State Corporate Income Taxes and the Effect on European Taxes
The European Commission is pursuing its plan to introduce a common tax system for companies doing business across the European Union. That system would simplify the tax base calculations for thousands of EU companies, which now must comply with 28 different sets of tax rules throughout the European Union. The proposal would establish a common tax base as a first phase, and in a second phase, would require companies to consolidate their EU operations into a single corporate entity. The companies would then distribute the tax base throughout their operations in the European Union using a formula based on the location of the company’s assets, employees, and sales.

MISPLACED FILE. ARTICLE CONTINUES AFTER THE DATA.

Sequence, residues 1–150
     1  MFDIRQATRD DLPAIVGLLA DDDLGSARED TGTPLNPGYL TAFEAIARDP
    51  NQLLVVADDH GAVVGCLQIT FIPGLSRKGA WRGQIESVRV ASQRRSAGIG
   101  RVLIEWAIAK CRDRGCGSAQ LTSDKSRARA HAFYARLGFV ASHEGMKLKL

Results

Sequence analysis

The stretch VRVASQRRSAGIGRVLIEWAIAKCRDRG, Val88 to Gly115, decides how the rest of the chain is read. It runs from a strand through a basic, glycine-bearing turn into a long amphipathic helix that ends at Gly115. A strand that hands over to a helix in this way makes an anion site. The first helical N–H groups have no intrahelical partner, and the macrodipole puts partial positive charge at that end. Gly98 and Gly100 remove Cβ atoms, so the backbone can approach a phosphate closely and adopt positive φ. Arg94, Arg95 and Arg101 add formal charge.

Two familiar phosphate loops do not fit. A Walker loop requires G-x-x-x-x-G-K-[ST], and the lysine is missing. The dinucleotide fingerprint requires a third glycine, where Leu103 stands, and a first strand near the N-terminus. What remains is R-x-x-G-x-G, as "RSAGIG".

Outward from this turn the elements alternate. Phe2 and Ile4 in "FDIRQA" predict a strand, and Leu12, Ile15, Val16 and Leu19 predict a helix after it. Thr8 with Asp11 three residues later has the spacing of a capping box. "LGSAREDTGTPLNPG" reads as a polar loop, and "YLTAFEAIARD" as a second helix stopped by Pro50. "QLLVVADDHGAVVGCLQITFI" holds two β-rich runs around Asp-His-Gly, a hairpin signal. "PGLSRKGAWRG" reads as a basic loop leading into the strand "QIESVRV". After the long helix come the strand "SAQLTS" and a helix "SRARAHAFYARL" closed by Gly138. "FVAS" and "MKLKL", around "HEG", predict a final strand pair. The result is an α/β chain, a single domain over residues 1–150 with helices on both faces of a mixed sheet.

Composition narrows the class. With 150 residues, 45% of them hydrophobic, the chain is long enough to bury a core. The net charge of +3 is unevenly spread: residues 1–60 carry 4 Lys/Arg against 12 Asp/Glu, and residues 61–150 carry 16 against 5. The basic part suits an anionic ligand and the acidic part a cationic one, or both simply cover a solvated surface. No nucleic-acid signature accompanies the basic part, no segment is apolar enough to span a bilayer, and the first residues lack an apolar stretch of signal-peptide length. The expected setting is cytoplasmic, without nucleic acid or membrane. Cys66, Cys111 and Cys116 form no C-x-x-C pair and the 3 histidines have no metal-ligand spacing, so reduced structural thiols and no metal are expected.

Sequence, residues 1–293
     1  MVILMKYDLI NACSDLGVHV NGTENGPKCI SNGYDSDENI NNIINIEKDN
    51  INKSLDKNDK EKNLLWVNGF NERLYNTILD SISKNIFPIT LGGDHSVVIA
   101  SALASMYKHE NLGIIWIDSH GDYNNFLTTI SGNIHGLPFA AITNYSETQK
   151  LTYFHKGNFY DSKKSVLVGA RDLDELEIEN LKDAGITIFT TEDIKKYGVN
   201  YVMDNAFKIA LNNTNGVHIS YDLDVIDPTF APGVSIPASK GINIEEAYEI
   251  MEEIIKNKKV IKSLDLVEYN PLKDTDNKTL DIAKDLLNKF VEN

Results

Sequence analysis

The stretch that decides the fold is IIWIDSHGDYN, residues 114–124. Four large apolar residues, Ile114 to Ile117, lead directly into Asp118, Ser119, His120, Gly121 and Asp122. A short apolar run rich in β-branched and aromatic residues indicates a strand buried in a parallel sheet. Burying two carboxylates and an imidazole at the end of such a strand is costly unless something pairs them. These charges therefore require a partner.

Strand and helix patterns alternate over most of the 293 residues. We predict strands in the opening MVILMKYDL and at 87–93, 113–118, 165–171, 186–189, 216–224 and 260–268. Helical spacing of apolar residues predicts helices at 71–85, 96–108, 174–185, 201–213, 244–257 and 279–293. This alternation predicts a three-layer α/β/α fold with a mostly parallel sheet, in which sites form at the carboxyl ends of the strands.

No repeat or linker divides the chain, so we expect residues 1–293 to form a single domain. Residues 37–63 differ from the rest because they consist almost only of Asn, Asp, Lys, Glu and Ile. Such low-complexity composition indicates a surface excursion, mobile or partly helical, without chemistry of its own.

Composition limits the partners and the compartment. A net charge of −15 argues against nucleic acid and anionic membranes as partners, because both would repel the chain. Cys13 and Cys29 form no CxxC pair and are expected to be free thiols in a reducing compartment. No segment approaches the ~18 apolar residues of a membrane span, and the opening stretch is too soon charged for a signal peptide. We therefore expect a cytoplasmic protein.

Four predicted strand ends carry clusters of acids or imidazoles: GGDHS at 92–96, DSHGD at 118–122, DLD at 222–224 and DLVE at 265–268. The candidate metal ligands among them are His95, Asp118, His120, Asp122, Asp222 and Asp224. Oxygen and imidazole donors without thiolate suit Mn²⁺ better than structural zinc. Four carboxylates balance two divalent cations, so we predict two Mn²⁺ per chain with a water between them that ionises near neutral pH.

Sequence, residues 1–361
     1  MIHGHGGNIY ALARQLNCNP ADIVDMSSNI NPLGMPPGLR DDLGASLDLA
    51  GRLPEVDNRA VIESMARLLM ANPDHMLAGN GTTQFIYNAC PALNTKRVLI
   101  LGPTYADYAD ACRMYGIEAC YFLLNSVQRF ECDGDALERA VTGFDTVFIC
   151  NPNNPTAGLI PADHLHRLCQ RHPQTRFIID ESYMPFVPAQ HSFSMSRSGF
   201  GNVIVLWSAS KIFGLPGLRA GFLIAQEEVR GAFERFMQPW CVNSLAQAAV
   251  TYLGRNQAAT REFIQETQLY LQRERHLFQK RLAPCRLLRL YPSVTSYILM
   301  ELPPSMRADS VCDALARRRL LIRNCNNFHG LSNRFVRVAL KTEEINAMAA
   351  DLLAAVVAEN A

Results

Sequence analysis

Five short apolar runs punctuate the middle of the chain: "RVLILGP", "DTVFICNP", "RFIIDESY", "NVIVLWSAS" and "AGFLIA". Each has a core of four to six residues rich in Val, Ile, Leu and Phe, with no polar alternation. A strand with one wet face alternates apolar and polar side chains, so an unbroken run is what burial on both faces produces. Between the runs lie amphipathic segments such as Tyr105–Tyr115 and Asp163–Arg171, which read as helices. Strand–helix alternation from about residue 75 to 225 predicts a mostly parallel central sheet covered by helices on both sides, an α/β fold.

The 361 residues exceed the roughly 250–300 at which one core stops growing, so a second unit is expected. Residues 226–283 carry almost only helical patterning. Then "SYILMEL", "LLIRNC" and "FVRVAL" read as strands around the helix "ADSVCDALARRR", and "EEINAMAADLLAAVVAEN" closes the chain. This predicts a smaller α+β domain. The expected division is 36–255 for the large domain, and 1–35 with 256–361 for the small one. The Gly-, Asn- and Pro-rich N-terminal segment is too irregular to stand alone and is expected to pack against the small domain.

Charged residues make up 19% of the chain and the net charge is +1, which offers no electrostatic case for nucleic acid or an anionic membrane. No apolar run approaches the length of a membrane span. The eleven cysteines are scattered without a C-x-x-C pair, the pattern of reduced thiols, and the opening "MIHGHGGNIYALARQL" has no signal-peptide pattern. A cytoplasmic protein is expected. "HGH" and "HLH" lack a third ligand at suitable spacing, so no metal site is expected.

The European Commission derived significant aspects of its proposal from the experiences in the U.S. states. This experience has helped guide the Commission, especially in the areas of determining the consolidated, or combined, group and the composition of the apportionment formula.
As the EU refines its corporate tax reform proposal, the U.S. states will continue to provide valuable guidance. This guidance may be especially helpful in the complicated aftermath of the UK exiting the European Union. A paper by Professor Joann Weiner, Elliott Dubin, John Alvarino, and Yameng (Amelia) Wang, “The CCCTB, Brexit, and Unitary Taxation: Recent Developments in Corporate Tax Policies in the European Union and in the U.S. States,” which was presented at the Annual Meeting of the National Tax Association on November 10, 2016, shows the linkages between corporate taxation in the EU and in the U.S. states.
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